Traditionally lighthouses have served as beacons for ships sailing in the night – today these popular structures serve as beacons for beach-goers and sight-seers. And Georgia’s historic lighthouses are no exception: these gorgeous structures all have unique stories and make for fantastic photo ops!
Tybee Island Lighthouse
Standing tall at the entrance to the Savannah River, the Tybee Island Lighthouse is one of only seven surviving colonial era lighthouses. James Oglethorpe, Georgia’s founding father, ordered the construction of the light station that would survive hurricanes, earthquakes and being burned by Confederate soldiers during the Civil War. Today the tower continues to serve as a guide for ships, in addition to housing a museum of Tybee Island’s history. Visitors can also climb to the top for a gorgeous view.
St. Simons Island Lighthouse
Commissioned by the federal government, the St. Simons Island Lighthouse still serves as a warning for ships entering the St. Simons Sound. Though the tower no longer requires a keeper to greet guests, the panoramic view of the Golden Isles from the top provides visitors an unforgettable experience. The Keeper’s Dwelling and Museum illustrate the life of a lighthouse keeper and the history of the Golden Isles.
Sapelo Island Lighthouse
Sitting on the island that serves as a modern epicenter of Gullah culture, the Sapelo Island Lighthouse is the nation’s second-oldest brick lighthouse. Originally built in 1820, the tower was replaced in 1905 and later reconstructed to its original structure in the 1930s. The lighthouse is no longer active, but visitors can visit the lighthouse on a tour of Sapelo Island led by Georgia State Parks.
Cockspur Island Lighthouse
Located at the South Channel of the Savannah River, the Cockspur Island Lighthouse is considered part of Fort Pulaski. Situated in the direct line of fire of Union and Confederate troops during the defeat of Fort Pulaski, the lighthouse miraculously suffered minimal damage. Instead the structure would fall victim to flooding and today is only accessible via kayak or small boat. Along with the rest of the Fort, the lighthouse is included on the National Register of Historic Places.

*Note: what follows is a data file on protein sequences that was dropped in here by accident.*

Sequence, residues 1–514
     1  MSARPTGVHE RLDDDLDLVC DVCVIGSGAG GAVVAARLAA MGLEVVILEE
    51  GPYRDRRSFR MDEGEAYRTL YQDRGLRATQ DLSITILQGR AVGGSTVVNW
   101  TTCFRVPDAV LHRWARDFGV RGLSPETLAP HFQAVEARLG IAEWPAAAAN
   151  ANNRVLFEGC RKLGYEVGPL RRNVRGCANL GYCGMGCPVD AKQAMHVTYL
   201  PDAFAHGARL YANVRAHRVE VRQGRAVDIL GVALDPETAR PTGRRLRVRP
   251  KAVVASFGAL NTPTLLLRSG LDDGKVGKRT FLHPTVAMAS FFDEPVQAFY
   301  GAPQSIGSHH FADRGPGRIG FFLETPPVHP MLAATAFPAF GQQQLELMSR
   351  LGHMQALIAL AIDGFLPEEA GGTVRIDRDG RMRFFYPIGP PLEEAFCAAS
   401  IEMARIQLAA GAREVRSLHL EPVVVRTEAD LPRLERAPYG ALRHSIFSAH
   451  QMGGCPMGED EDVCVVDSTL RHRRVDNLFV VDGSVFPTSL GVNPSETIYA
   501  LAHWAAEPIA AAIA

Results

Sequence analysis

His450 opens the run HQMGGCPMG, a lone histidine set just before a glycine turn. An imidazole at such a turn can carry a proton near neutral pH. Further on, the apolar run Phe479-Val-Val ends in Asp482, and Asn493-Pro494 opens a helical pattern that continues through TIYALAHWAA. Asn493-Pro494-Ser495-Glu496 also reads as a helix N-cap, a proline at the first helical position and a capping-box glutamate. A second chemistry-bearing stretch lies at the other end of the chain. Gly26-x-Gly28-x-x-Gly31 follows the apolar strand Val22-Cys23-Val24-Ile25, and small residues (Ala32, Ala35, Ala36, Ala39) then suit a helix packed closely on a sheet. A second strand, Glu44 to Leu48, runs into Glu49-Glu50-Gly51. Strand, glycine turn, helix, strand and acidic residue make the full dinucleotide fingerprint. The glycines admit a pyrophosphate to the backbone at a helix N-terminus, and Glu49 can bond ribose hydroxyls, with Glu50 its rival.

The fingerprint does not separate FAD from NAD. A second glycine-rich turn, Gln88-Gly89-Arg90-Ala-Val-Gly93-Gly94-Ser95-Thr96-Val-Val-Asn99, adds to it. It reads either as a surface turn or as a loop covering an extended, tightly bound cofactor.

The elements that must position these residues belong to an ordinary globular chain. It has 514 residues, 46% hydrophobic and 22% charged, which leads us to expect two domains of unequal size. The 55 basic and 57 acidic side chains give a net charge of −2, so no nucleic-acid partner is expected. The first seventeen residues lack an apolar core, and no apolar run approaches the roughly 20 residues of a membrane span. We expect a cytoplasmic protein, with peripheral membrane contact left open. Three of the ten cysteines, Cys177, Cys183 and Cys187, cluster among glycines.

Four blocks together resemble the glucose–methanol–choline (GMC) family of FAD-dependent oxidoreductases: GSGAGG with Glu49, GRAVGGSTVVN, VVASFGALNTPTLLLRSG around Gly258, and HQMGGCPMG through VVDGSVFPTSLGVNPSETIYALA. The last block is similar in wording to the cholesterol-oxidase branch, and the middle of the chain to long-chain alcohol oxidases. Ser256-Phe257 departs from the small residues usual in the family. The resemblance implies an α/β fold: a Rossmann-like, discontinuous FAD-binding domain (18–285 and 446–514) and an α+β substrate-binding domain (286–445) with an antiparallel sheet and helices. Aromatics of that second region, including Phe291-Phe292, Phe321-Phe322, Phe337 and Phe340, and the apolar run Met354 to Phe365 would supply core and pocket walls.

Little Cumberland Island Lighthouse
The only one of Georgia’s five surviving historic lighthouses not open to the public, the light station is listed on the National Register of Historic Places. Two towers were built on Little Cumberland Island: the one to the south with a revolving light and the one to the north, which remains, with a fixed light to mark the Satilla River and St. Andrew Sound. The lighthouse is no longer active, but has been well preserved by the Little Cumberland Island Association.
In addition to the five surviving historic lighthouses, Georgia boasts several other nautical lighting fixtures:
Sapelo Island Range Front
While on a tour of Sapelo Island, visitors can also view the front beacon situated at the southern tip of the island. Though inactive now, the beacon historically helped guide mariners within the range of the island’s lighthouse.
Savannah Old Harbor Light
This cast iron light was erected as the rear range light to guide vessels from Fig Island Lighthouse into Savannah. Six ships had been sunk during the Revolutionary War to provide a naval buffer, and the Old Harbor Light was utilized to avoid these wrecks. After renovations in the early 21st century, the light was re-erected in Emmet Park on Bay Street.
West Point Lake Lighthouse
Situated right on the Georgia-Alabama line on West Point Lake, this ornamental tower provides beautiful ‘Kodak moments’ from the middle of the lake or for visitors to Maple Creek Park in LaGrange.